Joeseph Brant, Thayendanegea, A Mohawk War Captain, 1825, vintage print on canvas, 50 x 70 cm, 20 x 25" approx.


The smoke of wood fires and burning leaves clings to the Nov mists in the Mohawk Valley, men still talk about joseph Brant, the grMohawk war captain who tried all his life to keep a foot in two worlds, the
red and the white.
. He refused to bend his knee to King George but gallantly kissed the
hand of his queen. He had his portrait painted by the famous English painter
Indian school that later became Dartmouth College, and he translated the
' Bible into the Mohawk language, yet he could leave the Mohawk a blazing
ruin from Fort Stanwix, near Rome, to the very outskirts of Schenectady. He was one of the greatest of
American Indians; had he given his support to the struggling Continental army the course of our history
would certainly have been changed. `
But it would have been improbable if not impossible for Brant to wear a Continental tricorn; he was
too vain and too closely allied with the Lords of the Valley to consider casting his lot with the humble
Palatine Dutch farmers who talked so much of freedom. For Brant, they had the stink of cow dung
about them; he was more familiar with buckled shoes and cologne.
His decision to side with the British was tragic for the Iroquois Confederacy or Six Nations as it
was called. That ancient confederation bound together by wisdom, skill at war, and diplomacy became
helplessly divided when it was agreed that each nation should go its own way. In the past a declaration
of war had to be voted unanimously. Some nations like the Oneida went with the Americans, others
tried to stay neutral, or like Brant’s Mohawk fought for the British.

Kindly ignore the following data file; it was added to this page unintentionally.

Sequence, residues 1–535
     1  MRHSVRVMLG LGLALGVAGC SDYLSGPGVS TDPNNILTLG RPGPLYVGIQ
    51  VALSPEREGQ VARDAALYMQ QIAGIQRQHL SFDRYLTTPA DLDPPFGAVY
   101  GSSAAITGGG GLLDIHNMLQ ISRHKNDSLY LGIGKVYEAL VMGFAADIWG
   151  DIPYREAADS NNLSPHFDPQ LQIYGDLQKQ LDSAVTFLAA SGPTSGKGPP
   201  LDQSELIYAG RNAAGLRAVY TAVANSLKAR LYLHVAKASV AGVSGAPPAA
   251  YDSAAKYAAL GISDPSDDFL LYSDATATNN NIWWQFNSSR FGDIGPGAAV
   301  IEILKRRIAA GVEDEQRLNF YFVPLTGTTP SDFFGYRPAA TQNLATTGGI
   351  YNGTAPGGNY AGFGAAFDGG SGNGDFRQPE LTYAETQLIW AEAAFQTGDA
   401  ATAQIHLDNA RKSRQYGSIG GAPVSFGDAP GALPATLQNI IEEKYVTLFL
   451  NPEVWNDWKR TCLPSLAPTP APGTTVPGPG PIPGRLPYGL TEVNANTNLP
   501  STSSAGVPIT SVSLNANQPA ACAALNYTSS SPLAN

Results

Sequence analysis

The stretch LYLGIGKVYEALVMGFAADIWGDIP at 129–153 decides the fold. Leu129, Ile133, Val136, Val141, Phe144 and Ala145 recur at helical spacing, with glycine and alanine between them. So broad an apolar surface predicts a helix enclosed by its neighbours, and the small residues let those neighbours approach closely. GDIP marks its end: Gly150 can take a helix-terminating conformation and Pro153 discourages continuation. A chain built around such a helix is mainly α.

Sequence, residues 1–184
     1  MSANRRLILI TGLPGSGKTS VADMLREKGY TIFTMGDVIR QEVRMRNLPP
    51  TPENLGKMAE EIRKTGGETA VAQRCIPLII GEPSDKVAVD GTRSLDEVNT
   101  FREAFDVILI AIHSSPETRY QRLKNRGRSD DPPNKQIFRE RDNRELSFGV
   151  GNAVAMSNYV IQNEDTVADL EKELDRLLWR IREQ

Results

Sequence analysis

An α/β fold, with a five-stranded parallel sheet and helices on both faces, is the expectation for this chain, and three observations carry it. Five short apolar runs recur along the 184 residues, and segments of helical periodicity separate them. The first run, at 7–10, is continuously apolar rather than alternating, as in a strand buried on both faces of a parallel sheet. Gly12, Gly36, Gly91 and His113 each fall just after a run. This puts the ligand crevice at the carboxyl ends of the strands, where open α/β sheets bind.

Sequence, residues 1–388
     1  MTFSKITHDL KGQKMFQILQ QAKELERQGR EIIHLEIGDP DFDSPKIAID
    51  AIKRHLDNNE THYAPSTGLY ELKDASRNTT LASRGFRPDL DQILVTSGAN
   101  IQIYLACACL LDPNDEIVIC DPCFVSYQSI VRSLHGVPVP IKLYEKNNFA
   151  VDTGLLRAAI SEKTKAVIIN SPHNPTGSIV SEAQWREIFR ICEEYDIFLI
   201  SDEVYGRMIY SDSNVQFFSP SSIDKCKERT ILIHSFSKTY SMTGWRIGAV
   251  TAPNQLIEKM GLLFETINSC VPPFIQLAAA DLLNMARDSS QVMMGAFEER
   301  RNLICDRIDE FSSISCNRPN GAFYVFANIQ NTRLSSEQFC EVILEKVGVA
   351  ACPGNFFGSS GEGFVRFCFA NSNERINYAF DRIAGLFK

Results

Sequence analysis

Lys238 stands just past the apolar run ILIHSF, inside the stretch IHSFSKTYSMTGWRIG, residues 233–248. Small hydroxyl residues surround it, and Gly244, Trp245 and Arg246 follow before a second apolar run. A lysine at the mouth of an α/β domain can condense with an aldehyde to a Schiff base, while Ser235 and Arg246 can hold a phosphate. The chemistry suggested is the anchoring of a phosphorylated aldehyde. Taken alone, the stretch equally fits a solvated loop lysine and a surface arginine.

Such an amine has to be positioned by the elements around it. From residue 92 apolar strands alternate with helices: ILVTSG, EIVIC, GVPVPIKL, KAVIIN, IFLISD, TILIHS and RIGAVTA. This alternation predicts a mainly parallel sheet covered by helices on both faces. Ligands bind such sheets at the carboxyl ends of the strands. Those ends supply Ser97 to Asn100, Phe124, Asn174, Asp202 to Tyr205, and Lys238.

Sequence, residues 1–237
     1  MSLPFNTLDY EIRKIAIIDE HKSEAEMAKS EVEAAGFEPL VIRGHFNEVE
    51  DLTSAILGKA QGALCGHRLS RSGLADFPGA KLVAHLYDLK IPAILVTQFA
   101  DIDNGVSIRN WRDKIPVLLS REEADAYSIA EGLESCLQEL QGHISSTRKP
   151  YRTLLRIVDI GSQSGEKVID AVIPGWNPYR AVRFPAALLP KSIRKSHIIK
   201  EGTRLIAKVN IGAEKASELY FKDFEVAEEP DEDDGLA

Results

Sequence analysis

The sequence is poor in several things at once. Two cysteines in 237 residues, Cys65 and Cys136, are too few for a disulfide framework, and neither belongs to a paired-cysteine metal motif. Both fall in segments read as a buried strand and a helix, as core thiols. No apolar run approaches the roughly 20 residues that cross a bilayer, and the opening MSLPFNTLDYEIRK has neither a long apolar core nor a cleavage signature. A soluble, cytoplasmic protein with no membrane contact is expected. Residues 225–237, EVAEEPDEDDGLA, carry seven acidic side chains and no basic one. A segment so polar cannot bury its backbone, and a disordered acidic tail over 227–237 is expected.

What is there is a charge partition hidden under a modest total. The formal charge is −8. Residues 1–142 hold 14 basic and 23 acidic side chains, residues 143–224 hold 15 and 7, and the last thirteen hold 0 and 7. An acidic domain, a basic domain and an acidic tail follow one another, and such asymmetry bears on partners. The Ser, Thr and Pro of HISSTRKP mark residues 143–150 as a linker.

Brant joined Colonel Barry St. Leger’s invasion of the Mohawk, one of the prongs of Burgoyne’s
doomed campaign. The famous Battle of Oriskany, undoubtedly the bloodiest and most ferocious of the
Revolution, was fought with Herkimer’s gallant farmers standing musket to musket with the King’s
Own, the best of his Hessian gamekeeper-sharpshooters, and Brant’s painted warriors. Brant, who
despised defeat, led his Indans back to Fort Niagara, bitterly advising the British high command in
Montreal that from now on he would iight his way.
For six years he led his Indian raiders into the Mohawk, again and again leaving the beautiful
valley a sea of flames while the alarm bells in the tiny forts clanged frantically.
Some raids became classic atrocity stories of American wars: Cherry Valley, where women and
children lay dead in the snow with Brant protesting fiercely that Walter Butler, who led Butler’s
Rangers, was to blame; Wyoming, which gave birth to the celebrated eighteenth-century poem ,“Ger-
trude of Wyoming,” which pictures Brant as a murderous fiend who slaughtered the innocent. But as
it developed Brant was never there. I '
Following the Revolution Brant led his people-the first American DPs-across the border to settle
in Canada. V .
He came in solitary glory to Philadelphia in 1792 to see Washington and his cabinet, but only after
the other Iroquois chiefs, like Cornplanter and Red jacket, had already left the capital. It was typical of
Brant. Humility was alien to the Mohawk; in fact, pride and arrogance were his major flaws.
Brant was no Wigwam, storybook Indian dressed in buckskins stained with bear grease and smelling
of a thousand Campfires. He was educated, hewrote with the grace and lucidity that was far beyond
many of the farmers he had fought against. His clothes were of the finest material, and in his luxurious
home elaborate meals were served on crisp Irish linen. He had a host of slaves, as many as the aristocratic
Virginians who would later rule the United States.
He died in his fine home on Grand River, Ontario, November 24, 1807, whispering with his last
breath: “Have pity on the poor Indians.”
Painter: Brant was painted by many famous artists; among them were Romney, Charles Willson
Peale, George Catlin, and Wilhelm Berezy. It is not certain who painted this post-revolutionary portrait.

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